Harrisburg, Ia., February 13, 1849.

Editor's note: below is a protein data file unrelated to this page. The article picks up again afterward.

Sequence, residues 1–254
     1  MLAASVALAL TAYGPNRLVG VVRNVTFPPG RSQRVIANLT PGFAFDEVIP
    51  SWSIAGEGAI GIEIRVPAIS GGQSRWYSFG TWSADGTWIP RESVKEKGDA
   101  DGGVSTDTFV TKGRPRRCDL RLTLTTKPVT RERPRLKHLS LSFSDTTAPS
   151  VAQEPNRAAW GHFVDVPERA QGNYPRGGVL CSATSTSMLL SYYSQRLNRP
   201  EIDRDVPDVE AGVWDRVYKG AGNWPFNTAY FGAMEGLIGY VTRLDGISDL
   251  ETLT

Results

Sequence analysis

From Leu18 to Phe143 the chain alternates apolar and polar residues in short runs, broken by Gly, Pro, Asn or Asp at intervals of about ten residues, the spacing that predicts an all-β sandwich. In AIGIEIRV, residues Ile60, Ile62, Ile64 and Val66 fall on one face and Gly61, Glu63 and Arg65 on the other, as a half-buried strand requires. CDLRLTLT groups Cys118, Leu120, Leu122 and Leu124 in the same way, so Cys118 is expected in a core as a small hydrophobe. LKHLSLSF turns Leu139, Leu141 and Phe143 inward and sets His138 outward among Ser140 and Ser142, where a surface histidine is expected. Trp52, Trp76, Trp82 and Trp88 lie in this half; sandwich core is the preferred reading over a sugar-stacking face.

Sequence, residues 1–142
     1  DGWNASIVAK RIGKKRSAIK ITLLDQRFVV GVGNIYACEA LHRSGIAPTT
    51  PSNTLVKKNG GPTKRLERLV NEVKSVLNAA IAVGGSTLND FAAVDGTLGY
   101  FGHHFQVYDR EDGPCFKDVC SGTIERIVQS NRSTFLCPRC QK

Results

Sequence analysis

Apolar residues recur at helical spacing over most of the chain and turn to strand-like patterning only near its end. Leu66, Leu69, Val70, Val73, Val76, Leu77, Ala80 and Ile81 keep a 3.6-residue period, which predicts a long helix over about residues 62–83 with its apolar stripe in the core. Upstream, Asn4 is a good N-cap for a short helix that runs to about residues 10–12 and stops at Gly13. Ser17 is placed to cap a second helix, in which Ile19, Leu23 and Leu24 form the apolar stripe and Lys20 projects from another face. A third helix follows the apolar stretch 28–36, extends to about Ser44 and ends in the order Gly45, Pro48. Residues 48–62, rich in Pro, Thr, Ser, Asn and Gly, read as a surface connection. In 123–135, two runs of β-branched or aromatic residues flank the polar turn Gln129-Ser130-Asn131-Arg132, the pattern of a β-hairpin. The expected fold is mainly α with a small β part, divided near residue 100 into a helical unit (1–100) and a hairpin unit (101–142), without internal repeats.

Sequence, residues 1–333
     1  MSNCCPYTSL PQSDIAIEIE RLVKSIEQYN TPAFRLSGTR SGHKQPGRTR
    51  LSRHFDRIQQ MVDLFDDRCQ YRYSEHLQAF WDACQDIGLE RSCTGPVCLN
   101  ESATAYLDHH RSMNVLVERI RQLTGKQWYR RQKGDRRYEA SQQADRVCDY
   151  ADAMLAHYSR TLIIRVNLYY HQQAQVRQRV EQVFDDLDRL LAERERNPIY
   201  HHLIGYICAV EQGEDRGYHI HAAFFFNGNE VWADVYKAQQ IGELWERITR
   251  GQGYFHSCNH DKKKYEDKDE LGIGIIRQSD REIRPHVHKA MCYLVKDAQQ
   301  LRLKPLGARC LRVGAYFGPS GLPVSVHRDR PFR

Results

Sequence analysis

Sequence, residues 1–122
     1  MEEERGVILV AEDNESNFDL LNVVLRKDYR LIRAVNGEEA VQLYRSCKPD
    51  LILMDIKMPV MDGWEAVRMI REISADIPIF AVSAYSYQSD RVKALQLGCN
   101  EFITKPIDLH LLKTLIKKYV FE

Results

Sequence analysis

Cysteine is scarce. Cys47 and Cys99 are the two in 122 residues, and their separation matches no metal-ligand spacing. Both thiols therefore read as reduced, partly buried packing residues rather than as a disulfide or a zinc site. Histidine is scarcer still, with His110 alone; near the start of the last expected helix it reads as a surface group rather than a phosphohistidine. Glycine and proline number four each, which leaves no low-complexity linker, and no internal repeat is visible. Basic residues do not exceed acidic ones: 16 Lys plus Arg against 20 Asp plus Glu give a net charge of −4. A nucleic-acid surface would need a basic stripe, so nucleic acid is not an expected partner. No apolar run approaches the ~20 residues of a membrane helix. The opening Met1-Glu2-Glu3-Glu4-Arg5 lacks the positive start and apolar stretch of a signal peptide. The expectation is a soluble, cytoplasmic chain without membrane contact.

BROTHER BEEBE: – The time has come again for you to expect to hear from your agents. I am the same old sinner – older, but no better than I was last year. Many who profess to be christians have attained to sinless perfect, as they say, but alas not me! Here I am yet, weighed down with the body of this death.